2017-01-9175
Yitao Zhu, Makarand Datar, Kalyan Addepalli, Natalie Remisoski
Nowadays, the vehicle design is highly ruled by the increasing customer demands and expectations. In addition to ride comfort and vehicle handling, the Noise, Vibration and Harshness (NVH) behavior of the powertrain is also a critical factor that has a big impact on the customer experience. To evaluate the powertrain NVH characteristics, the NVH error states should be studied. A typical NVH event could be decoupled into 3 parts: source, path, and receiver. Take-off shudder, which evaluates the NVH severity level during vehicle take-off, is one of the most important NVH error states. The main sources of Front Wheel Drive (FWD) take-off shudder are the plunging Constant Velocity Joints (CVJ) on the left and right half shafts. This is because a plunging CVJ generates a third order plunging force with half shaft Revolution Per Minute (RPM), which is along the slip of the plunging CVJ.
2017-03-28
Technical Paper
2017-01-0776
Ulrich Kramer, Thomas Lorenz, Christian Hofmann, Helmut Ruhland, Rolf Klein, Carsten Weber
Abstract A fundamental requirement for natural gas (NG) and renewable methane (e.g. bio-methane or power-to-gas methane) as automotive fuel is reliable knock resistance; to enable optimization of dedicated NG engines with high compression ratio and high turbocharger boost (which enables considerable engine downsizing factors). In order to describe the knock resistance of NG, the Methane Number (MN) has been introduced. The lowest MN which generally can be found in any NG is 65, and the vast majority of NG (~ 99.8%) is delivered with a MN above 70. The MN of bio-methane and power-to-gas methane is usually far above 80. Thus, from an automotive point of view any methane fuel should at least provide a minimum Methane Number of 70 at any point of sale. But the European draft standard describing the automotive CNG fuel quality so far proposes a minimum MN limit of 65.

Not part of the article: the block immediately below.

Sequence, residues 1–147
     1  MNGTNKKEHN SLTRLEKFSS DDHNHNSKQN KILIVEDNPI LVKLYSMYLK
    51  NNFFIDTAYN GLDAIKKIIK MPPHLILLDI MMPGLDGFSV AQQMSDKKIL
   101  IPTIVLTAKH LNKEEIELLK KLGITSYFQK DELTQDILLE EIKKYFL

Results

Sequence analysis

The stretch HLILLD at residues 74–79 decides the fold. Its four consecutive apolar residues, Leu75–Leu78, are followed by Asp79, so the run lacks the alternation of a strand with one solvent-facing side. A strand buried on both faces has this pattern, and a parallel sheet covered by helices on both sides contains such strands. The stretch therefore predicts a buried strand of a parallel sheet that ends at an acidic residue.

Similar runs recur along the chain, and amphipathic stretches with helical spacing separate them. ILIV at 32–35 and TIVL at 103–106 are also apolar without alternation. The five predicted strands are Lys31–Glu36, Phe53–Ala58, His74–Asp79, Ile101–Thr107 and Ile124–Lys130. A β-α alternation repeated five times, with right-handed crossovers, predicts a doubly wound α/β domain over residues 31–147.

2017-03-28
Technical Paper
2017-01-1694
Victor Silva, Renato Veiga
Abstract Demand for enhanced infotainment systems with features like navigation, real-time traffic, music streaming service, mirroring and others is increasing, forcing automakers to develop solutions that fulfill customer needs. However, many of those systems are too expensive to be fitted to an entry-level vehicle leaving a gap in the market that fails customer’s expectation. This gap is usually filled by a smartphone which may have all the features the customer wants but in many cases it cannot be properly fitted in the vehicle due to lack of specific storage space. This paper describes how the engineering team developed an innovative, flexible and effective solution that holds a smartphone in an ergonomic location.
2017-03-28
Technical Paper
2017-01-1706
Sandeep Bhattacharya, Daniel Green, Raj Sohmshetty, Ahmet Alpas
Abstract Automobile body panels made from advanced high strength steel (AHSS) provide high strength-to-mass ratio and thus AHSS are important for automotive light-weighting strategy. However, in order to increase their use, the significant wear damage that AHSS sheets cause to the trim dies should be reduced. The wear of dies has undesirable consequences including deterioration of trimmed parts' edges. In this research, die wear measurement techniques that consisted of white-light optical interferometry methods supported by large depth-of-field optical microscopy were developed. 1.4 mm-thick DP980-type AHSS sheets were trimmed using dies made from AISI D2 steel. A clearance of 10% of the thickness of the sheets was maintained between the upper and lower dies. The wear of the upper and lower dies was evaluated and material abrasion and chipping were identified as the main damage features at the trim edges.
2017-03-28
Technical Paper
2017-01-1383
Satheesh Kumar Chandran, James Forbes, Carrie Bittick, Kathleen Allanson, Fnu Brinda